Modeling cognitive radio networks with multiple channels for CBR and TCP Traffic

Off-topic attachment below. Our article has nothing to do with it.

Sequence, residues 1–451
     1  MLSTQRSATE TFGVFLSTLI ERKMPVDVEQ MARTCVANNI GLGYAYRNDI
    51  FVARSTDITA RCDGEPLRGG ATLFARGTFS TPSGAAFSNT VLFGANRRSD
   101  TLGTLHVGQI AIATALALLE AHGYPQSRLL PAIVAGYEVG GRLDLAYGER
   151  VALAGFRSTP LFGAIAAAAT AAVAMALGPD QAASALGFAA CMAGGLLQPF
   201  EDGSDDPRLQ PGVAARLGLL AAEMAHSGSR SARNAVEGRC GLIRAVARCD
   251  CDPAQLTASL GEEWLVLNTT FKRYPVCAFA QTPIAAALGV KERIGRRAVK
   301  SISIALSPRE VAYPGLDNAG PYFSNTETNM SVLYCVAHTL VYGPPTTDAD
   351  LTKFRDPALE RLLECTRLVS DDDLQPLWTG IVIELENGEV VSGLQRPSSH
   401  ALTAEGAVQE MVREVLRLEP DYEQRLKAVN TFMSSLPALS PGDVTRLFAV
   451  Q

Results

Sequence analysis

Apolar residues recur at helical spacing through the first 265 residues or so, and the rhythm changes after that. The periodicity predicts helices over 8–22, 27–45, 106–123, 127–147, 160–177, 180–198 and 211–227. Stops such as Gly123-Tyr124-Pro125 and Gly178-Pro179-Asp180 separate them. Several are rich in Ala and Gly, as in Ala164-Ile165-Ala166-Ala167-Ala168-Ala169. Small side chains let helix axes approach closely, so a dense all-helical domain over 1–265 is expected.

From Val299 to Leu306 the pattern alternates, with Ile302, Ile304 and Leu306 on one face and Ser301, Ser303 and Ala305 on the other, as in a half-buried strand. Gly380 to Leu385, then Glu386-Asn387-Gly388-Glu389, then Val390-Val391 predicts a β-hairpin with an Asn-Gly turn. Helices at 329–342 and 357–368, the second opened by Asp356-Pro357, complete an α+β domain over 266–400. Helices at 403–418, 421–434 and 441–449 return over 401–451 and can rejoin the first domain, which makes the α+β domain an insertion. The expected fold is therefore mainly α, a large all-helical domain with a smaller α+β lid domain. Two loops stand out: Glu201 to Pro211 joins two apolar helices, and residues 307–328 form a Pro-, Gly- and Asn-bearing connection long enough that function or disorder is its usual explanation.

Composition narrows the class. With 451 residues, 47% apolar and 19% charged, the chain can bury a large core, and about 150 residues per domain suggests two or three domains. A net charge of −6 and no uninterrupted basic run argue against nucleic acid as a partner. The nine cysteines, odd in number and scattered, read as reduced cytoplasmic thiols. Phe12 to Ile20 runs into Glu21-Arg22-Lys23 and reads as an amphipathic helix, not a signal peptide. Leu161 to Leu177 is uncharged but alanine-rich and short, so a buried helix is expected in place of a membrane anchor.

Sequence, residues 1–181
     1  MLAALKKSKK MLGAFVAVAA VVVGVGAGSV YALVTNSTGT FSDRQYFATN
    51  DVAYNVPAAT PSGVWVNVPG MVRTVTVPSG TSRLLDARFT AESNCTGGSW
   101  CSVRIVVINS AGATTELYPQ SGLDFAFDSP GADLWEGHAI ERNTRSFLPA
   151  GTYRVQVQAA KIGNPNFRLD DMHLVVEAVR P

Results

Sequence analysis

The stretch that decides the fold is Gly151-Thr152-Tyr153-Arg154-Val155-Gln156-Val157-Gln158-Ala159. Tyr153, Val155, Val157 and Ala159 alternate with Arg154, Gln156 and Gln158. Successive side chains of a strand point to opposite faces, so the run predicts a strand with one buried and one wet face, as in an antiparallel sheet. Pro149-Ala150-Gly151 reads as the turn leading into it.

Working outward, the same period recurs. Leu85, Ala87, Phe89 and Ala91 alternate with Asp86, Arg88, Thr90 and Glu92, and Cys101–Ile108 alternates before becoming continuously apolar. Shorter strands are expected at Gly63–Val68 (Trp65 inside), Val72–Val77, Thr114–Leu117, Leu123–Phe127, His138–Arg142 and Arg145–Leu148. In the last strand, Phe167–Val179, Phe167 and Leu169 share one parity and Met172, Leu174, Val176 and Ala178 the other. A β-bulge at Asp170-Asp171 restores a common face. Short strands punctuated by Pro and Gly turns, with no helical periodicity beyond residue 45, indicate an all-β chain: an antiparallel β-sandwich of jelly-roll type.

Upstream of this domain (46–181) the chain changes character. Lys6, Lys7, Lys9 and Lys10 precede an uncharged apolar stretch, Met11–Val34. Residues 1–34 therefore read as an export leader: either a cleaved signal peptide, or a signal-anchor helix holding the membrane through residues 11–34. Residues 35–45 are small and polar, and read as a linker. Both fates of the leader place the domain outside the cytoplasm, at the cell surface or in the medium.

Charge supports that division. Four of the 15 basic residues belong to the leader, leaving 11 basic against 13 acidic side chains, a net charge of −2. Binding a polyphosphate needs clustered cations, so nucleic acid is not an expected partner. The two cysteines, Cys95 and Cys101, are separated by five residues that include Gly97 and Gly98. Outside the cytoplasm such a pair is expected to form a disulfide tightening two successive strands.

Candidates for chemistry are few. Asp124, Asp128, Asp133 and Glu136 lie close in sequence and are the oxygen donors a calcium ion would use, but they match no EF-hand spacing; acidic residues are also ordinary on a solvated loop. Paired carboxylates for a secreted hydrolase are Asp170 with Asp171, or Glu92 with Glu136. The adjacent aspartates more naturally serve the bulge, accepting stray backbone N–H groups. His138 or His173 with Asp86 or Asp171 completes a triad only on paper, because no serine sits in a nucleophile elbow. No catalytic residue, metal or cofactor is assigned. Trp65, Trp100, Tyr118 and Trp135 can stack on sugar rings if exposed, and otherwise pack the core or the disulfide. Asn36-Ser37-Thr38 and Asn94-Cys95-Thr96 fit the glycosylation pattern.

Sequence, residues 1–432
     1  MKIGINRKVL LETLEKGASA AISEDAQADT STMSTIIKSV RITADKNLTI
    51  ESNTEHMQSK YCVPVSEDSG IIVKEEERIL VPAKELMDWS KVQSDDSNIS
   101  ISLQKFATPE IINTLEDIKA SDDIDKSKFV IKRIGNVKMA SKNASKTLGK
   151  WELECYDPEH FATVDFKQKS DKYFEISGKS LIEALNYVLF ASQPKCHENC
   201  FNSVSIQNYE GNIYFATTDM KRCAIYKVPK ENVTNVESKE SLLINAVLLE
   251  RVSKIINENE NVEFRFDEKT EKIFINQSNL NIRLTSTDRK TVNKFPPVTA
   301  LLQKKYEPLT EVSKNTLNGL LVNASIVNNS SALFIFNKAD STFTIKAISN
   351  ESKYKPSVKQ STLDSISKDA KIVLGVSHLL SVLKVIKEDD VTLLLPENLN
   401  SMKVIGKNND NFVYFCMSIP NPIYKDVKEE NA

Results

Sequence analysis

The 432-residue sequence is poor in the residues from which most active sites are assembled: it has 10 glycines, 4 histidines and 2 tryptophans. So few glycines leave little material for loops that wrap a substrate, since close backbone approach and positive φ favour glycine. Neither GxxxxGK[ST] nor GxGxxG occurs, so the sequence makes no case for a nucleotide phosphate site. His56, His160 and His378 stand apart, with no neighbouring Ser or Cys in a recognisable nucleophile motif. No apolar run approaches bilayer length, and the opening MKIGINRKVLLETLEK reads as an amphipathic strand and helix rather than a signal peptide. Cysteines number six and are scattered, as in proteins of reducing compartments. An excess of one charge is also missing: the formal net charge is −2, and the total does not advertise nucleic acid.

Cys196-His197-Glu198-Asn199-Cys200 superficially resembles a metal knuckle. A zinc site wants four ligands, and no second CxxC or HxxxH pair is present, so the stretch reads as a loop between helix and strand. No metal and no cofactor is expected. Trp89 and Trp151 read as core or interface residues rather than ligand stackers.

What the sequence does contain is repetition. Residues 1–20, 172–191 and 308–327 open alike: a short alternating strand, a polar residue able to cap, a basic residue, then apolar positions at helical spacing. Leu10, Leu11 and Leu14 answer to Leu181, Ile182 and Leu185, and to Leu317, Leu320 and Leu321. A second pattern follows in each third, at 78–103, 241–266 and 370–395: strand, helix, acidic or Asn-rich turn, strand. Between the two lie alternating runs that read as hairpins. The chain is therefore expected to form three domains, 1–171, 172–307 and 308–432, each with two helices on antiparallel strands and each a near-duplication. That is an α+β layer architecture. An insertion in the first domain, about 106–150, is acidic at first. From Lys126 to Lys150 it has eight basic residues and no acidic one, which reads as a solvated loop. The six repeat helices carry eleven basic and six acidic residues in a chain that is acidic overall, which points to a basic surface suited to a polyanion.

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Investigating and designing optimal models that take care of multiple channels and video traffic in lieu of equitable sharing of spectrum resources presents such a unique research direction. Available literature suggests that Constant Bit Rate (CBR) traffic have stringent service requirements; among which is the mechanism for providing differentiated services in terms of mean delay for Cognitive Radio (CR) users. This is most prevalent where data traffic is carried by Transmission Control Protocol (TCP) connections and CBR traffic. Interestingly, other researchers have observed that the performance of CBR traffic sharing a link with TCP connections is likely to degrade due to TCP connections that execute flow control to utilize as much available bandwidth as possible. The fixed spectrum allocation policy which assigns exclusive rights to the use of spectrum to a licensed user has led to spectrum scarcity. Cognitive radio has been suggested as the remedy to the above challenge. To overcome this challenge we proposed and designed a priority queuing scheme to allocate a channel to licensed (primary) and unlicensed (secondary) users. In this study, we set out to design a spectrum sharing scheme that ensures minimum guarantee for CBR traffic in the presence of TCP traffic. In order to achieve this objective, we analytically modeled the performance of the proposed scheme with regard to end-to-end delay and throughput. The proposed model described in this work looks at spectrum sharing scheme for multimedia applications over cognitive radio networks for TCP and CBR traffic with multiple channels; while hinging on the M/G/K queue technique. In our analysis, a primary user has preemptive priority over secondary user’s video, voice and data (TCP) traffic. Secondary user’s video traffic have preemptive priority over secondary user’s voice and data (TCP) traffic. On the other hand, secondary user’s voice traffic have preemptive priority over data (TCP) traffic. Our results show that end-to-end delay generally increases with increase in load and arrival rate of packets into the system. Primary user’s traffic experiences a lower end-to-end delay compared to secondary user’s video traffic which experiences a lower end-to-end delay than secondary user’s voice traffic which in turn experiences a lower end-to-end delay than secondary user’s data (TCP) traffic. We also observed that throughput decreases with increase in load and arrival rate. Furthermore, it is observed that as the number of connections increase throughput decreases. Throughput is also observed to increase with increase in the number of channels. This observation implies that if a spectrum is modeled in this fashion, optimum sharing of resources amongst telecommunication providers can be attained. In this case, all available idle spectrum from the primary user is being utilized, hence more revenue can be generated by charging the secondary users.